How do networks see their additional value in helping implement PSEA through their membership? The participants identified shared learning because of diverse experience and knowledge, as well as commitment to policies and codes of conduct, joint training and capacity building, mechanisms for monitoring and evaluation, as well as joint complaint mechanisms as way of added value. Joint advocacy initiatives, taking collective responsibility and presenting a unified voice are very important strengths of networks. Participants felt it provided a discourse of legitimacy when adopted in strong numbers. The participants identified some challenges including the costs and time needed for participation. It was felt that it is more difficult for those with less funding, which are often the national organisations. Also, competition between - donors, mandates, across and between networks ­ can lead to diluted advocacy. It was recommended that networks should focus on sharing information with each other, joint training and capacity building, joint codes of conduct and mechanisms, and joint complaint mechanisms. Providing redress for complainants is the responsibility of individual organizations rather than of networks.


Prevention, protection and practical solutions

Working group facilitators: Wairimu Munyinyi, Concern Worldwide Sierra Leone and Rubine Devrikvan ­ Armenia Round Table Foundation

Major challenges and learning The absence of policies and information about policies, lack of beneficiary awareness of the issues, and taboos about discussing sex with beneficiaries, as well as cultural barriers to complaining were some of the challenges identified. These could be addressed by engaging with the communities, providing information and training. The existing community structures should be considered­ `best practice' can come from here rather than from an NGO or other external sources. The code of conduct is currently a contract with an organisation and its staff, not with communities (this is a gap). The mechanisms are weak, with no follow up on complaints. This is why communities lose trust. Reducing risk of SEA There was concurrence in the group that unsafe programming may actually increase vulnerability of beneficiaries. This can be avoided by ensuring beneficiary participation in programme planning and implementation, having a Do no harm approach and putting into place a complaints response mechanism. Culturally-insensitive programme design perpetuates existing problems; this can be addressed by consulting beneficiaries in programme design. Poor recruitment and selection processes increase the risks and there is a need for transparency and coordination amongst relevant stakeholders. Lack of gender sensitivity among staff can be harmful. A good gender balance among staff is important. Human resource departments should help, and agencies need to build local staff capacity. It was recommended that HAP members should share information with the relevant agencies. Participants also posed the questions: what do we offer to people who open up about a problem and expect compensation? Is it ethical to solicit complaints without being able to offer any redress? 10

Panel on policy commitments and concrete actions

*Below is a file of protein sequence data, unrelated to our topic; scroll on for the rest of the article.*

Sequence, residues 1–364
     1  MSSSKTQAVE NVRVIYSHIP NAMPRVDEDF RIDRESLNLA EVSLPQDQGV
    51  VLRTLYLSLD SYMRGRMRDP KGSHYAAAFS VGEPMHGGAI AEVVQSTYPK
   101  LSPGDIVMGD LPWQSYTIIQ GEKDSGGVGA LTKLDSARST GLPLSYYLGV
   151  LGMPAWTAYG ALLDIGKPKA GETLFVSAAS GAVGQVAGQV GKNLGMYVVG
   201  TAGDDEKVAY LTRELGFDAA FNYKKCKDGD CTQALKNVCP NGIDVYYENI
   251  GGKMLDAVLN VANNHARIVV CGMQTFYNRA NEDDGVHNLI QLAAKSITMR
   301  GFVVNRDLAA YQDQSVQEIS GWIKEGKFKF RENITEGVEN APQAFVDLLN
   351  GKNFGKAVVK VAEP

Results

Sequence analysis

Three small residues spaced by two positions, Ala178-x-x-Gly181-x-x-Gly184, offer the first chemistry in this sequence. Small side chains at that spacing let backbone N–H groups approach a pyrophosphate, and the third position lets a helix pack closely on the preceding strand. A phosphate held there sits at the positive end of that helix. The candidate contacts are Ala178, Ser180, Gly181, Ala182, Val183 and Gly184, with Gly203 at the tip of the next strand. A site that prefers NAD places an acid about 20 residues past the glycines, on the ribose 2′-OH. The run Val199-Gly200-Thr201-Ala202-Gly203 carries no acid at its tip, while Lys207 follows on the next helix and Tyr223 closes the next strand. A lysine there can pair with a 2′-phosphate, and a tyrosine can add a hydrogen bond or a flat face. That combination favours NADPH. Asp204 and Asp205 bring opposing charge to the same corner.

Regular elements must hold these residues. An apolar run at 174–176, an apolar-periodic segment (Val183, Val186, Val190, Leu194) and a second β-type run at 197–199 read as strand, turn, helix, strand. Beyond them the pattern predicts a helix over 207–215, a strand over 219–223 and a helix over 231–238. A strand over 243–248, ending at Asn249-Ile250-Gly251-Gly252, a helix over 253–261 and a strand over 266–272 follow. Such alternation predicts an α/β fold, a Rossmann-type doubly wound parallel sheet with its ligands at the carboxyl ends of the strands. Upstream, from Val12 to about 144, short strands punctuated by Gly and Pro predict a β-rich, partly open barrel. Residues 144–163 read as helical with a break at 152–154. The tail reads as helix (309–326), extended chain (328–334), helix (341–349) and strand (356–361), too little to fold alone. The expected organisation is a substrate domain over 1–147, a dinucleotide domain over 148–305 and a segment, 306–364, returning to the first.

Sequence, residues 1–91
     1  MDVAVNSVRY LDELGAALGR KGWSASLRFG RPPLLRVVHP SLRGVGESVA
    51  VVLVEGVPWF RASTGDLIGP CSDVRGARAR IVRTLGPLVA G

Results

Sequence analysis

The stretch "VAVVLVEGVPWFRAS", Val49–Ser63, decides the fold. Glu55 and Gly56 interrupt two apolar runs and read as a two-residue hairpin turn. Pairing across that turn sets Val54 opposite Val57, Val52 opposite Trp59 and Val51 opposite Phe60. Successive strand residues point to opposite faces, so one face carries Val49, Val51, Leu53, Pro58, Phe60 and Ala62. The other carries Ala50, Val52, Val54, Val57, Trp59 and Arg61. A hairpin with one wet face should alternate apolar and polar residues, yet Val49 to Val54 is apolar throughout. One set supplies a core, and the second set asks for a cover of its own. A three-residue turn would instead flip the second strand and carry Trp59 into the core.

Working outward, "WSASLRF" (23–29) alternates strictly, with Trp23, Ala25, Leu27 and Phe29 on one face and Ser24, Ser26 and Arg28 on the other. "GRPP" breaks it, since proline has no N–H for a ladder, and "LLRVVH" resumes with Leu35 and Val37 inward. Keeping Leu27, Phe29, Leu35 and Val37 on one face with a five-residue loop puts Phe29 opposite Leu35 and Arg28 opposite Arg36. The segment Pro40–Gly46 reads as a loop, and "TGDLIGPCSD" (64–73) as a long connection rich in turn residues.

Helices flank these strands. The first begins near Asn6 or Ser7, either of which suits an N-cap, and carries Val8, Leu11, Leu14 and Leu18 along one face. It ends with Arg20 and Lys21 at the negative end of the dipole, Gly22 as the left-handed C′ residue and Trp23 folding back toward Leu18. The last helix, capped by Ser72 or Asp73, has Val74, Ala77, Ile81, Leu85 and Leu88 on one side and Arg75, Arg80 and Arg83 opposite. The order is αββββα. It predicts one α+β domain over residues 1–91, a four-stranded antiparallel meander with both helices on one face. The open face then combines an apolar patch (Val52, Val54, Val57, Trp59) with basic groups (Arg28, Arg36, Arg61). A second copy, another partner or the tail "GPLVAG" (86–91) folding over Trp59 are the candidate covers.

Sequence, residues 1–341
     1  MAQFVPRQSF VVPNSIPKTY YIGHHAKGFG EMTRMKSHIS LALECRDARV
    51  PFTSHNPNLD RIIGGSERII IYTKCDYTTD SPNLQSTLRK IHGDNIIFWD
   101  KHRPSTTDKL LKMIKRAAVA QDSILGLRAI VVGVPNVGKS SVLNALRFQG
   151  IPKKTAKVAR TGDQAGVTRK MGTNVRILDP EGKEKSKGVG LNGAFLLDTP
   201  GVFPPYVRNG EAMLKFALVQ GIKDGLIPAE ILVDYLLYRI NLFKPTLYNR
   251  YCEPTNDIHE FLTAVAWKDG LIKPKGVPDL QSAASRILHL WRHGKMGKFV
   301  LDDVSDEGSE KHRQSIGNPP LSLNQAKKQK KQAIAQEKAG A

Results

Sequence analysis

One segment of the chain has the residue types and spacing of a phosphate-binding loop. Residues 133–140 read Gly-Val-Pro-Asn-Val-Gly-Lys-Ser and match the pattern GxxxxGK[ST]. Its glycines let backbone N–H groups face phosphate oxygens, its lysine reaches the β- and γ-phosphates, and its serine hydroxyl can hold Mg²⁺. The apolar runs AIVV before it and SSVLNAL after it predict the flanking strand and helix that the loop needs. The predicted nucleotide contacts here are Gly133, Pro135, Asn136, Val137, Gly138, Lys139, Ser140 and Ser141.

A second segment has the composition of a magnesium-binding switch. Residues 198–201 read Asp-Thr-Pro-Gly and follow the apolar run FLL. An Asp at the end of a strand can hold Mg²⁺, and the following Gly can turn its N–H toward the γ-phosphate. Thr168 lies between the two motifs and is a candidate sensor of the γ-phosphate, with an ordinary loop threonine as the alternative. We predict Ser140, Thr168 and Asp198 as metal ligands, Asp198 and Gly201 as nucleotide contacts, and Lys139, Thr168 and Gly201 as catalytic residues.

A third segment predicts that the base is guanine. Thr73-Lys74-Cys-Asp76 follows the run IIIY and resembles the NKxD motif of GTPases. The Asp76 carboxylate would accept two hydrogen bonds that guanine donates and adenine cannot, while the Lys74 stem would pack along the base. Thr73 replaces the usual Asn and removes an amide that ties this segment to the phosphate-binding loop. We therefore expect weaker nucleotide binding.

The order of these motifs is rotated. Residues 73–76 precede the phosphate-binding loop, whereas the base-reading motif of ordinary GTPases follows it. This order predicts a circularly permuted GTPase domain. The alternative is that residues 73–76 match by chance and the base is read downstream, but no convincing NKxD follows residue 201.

Yasna Uberoi, United Nations Department of Field Support, Conduct and Discipline Unit, New York Action has been a theme of the day. The six core principles of the 2006 Commitment are still relevant, but how do we take this forward now, with a time-bound commitment to action? Corinne Davey, Keeping Children Safe Coalition UK The Keeping Children Safe Coalition is currently undertaking a project to produce a slimline edition of a toolkit which can easily be used in emergency contexts with accelerated training. Today's discussions have been useful, and the Coalition will do more to coordinate with other networks. We all have to be conscious of the possibility that we, as quality and accountability agencies, may be asking people to do the same thing from different directions. We also need to give consideration to how we can have an impact at field level with the PSEA work, rather than being just an initiative from the headquarters. Anastasia Anthopoulos, Oak Foundation, Geneva Oak Foundation has a strong focus on PSEA. Looking at risks at the level of programme design and delivery is very important. Are there risks induced by the structure of the aid delivery? Structural changes are needed to ensure that this is not happening. A good system is one which is trusted by the beneficiaries, and which is clear in terms of where to go to report a problem. Bearing in mind that even in northern America where there are complex professional systems, only around 5% of child abuse cases go into the system. It is very important that there should be a strong system. If the system works, there will be more cases, and we must prepare for this. Anastasia suggested that, far from worrying that sharing concerns with donors would backfire on funding, agencies should be so open as to publish issues relating to PSEA in their annual reports. Sexual exploitation and abuse exists in all societies and cultures, and it is important to remember that the local communities we are working with are also not power-neutral. Khalil Marouf, Ard el Atfal, Palestine: Khalil emphasised the importance of introducing clear, structured procedures resulting in services to our beneficiaries delivered with the highest level of professionalism and accountability. In his view, seeing the interest and commitment of the people attending this conference, this can be achieved. Wairimu Munyinyi, Concern Worldwide Sierra Leone: Wairimu pointed out that the humanitarian organisations can only go so far in dealing with perpetrators of sexual exploitation and abuse, and we need to think how we can engage government ­ especially law enforcement ­ agencies in the countries where we work. She acknowledged that there are challenges involved, but she highlighted that this is an opportunity for us to show our impartiality. She proposed that representatives of such government agencies be invited to the next PSEA conference, so that we can hear from them directly. She further noted that communities are most vulnerable to sexual exploitation and abuse in situations where they are trying to meet their most basic needs. She encouraged us to consider how effective our investments in the communities we work have been in raising people out of absolute poverty. Finally, she emphasized the value of complaints mechanisms, early warning, and information sharing as a way to prevent abuse from happening and to take prompt and effective action when incidents occur.